Food producers, sellers can track deforestation risks in real time
Food retailers and producers can monitor deforestation risks throughout their supply chains in real time using satellite images accessed via a new website, developers said on Tuesday.
Led by the Global Forest Watch team at the Washington-based World Resources Institute (WRI), the GFW Pro platform enables commodity producers and buyers, investors and green groups to act faster to protect forests.
More than 80 commodities companies and organisations are already using the website, including Cargill, Golden Agri-Resources, Louis Dreyfus Company, Mondelez, Olam, Procter & Gamble and Unilever.
“It is globally applicable and works everywhere for any commodity,” Luiz Amaral, a WRI director who coled the project,
“Now, if trees fall anywhere in the globe, everybody sees,” he added. “There are no more excuses not to monitor.”
Commodities that can be tracked include cocoa, sugar, rubber, timber, palm oil, soybeans and beef, WRI said.
told the Reuters Using more than 30 data-sets, including satellite images from the US space agency NASA and the European Space Agency, GFW Pro tracks and analyses plantations, farms, national parks and mills to pinpoint deforestation risks like fires and illegal logging.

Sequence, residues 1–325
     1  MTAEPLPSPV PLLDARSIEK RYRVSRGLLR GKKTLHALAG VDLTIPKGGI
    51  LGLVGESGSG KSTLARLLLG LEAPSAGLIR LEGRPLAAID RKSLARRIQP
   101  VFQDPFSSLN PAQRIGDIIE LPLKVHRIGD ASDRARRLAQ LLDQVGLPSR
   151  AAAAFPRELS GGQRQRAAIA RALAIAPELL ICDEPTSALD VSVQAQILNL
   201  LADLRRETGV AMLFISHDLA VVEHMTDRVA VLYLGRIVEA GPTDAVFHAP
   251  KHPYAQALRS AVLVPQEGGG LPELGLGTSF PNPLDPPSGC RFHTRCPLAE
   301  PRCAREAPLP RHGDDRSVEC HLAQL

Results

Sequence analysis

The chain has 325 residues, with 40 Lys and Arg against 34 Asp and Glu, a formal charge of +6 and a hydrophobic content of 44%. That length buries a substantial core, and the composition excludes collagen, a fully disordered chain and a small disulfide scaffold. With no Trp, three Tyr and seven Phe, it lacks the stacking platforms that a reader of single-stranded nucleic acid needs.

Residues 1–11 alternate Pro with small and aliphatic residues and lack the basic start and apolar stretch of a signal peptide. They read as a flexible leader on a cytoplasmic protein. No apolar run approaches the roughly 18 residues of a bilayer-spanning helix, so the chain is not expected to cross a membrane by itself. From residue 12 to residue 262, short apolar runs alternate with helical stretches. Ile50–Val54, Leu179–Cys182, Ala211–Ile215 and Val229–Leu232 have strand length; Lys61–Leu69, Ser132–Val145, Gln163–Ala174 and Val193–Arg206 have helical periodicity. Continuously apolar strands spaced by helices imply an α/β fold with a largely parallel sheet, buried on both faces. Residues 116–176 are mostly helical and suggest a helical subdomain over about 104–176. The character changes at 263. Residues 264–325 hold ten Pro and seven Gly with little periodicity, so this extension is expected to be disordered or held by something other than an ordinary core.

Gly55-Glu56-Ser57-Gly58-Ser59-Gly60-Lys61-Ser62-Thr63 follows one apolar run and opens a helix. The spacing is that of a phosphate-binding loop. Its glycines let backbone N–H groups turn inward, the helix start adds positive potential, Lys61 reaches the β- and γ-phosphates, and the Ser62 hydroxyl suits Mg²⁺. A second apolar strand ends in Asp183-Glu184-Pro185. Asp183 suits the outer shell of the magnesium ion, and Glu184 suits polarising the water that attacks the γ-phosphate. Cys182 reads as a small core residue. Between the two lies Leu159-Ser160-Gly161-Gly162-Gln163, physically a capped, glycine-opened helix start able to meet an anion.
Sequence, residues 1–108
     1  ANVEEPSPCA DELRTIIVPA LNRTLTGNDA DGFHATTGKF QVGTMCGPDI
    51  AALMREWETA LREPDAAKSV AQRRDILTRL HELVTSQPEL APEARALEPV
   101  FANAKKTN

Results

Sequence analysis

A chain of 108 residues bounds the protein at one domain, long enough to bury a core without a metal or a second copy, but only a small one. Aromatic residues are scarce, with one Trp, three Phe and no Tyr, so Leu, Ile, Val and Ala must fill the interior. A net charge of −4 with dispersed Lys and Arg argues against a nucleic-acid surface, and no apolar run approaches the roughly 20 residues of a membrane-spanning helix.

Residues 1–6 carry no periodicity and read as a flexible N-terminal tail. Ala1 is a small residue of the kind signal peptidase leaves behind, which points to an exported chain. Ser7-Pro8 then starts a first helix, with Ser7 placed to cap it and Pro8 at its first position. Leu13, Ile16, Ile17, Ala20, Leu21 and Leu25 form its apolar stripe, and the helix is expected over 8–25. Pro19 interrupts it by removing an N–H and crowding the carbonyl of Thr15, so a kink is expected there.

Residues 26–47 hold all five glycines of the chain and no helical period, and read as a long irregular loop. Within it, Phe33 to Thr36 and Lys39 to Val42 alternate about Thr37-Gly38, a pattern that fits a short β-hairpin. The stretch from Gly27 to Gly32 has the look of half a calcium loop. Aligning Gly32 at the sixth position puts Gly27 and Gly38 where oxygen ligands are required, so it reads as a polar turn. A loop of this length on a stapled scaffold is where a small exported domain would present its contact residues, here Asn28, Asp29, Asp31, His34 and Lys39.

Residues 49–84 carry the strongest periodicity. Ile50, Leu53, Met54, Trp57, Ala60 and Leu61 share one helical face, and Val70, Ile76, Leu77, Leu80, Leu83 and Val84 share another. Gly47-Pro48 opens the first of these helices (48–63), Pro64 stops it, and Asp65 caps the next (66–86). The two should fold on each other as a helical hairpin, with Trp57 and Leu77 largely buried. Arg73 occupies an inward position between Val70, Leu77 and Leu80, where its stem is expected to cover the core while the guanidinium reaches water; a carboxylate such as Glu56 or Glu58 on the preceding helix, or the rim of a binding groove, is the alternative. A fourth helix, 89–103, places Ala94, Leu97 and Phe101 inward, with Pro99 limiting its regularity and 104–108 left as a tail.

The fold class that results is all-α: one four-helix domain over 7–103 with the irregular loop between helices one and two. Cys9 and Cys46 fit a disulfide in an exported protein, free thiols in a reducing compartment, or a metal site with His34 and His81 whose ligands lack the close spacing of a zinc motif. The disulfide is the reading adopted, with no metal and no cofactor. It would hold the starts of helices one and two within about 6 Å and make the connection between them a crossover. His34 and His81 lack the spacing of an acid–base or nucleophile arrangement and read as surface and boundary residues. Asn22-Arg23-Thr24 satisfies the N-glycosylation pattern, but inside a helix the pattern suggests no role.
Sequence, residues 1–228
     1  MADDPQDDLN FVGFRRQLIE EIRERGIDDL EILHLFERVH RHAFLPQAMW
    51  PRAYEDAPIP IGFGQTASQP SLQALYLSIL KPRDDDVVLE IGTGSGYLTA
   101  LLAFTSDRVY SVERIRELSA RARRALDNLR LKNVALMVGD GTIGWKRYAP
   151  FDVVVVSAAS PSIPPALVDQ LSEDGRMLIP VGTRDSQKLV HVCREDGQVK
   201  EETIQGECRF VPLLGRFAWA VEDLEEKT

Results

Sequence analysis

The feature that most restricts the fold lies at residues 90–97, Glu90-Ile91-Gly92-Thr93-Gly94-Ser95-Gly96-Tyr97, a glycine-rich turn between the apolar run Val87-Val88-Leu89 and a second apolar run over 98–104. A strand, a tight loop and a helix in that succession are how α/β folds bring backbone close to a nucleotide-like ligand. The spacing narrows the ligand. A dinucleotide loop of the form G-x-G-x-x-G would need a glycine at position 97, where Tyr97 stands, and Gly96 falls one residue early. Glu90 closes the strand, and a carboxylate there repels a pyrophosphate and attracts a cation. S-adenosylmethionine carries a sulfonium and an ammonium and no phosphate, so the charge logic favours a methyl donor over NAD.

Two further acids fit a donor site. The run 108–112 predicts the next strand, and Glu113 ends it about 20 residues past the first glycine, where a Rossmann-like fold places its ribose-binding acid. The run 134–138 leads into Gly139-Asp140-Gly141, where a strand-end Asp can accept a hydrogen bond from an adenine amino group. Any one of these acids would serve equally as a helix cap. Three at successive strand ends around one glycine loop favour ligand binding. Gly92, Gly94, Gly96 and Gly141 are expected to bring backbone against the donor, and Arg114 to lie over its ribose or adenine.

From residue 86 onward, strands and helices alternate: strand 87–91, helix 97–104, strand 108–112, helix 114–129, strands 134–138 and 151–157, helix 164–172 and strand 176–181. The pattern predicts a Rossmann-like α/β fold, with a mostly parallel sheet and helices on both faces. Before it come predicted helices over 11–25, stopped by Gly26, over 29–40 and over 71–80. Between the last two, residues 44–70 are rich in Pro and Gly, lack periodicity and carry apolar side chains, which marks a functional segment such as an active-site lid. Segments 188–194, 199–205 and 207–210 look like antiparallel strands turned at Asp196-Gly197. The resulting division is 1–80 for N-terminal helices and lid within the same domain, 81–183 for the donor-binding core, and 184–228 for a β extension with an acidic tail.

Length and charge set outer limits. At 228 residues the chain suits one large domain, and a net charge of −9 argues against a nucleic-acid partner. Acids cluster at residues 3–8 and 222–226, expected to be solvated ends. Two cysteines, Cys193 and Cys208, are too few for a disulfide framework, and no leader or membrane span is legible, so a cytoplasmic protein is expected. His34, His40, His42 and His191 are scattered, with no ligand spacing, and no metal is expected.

Amaral said it would help corporate users - big and small - prioritise which suppliers to work with and set up programmes to tackle deforestation.
The real-time alerts can also warn plantation firms of fires on their concessions, he added.
Palm oil, which is predominantly grown in Southeast Asia, is the world's most widely used edible oil, found in everything from margarine to cookies, and soap to soups.
The industry has come under unprecedented scrutiny in recent years by environmental activists and consumers, and has been blamed for deforestation, forest fires and worker exploitation.
But despite many big companies making pledges of “no deforestation” by 2020, at least 50 million hectares of forest, an area twice the size of Britain, was destroyed to produce commodities over the last decade, said a separate report from Greenpeace International on Tuesday.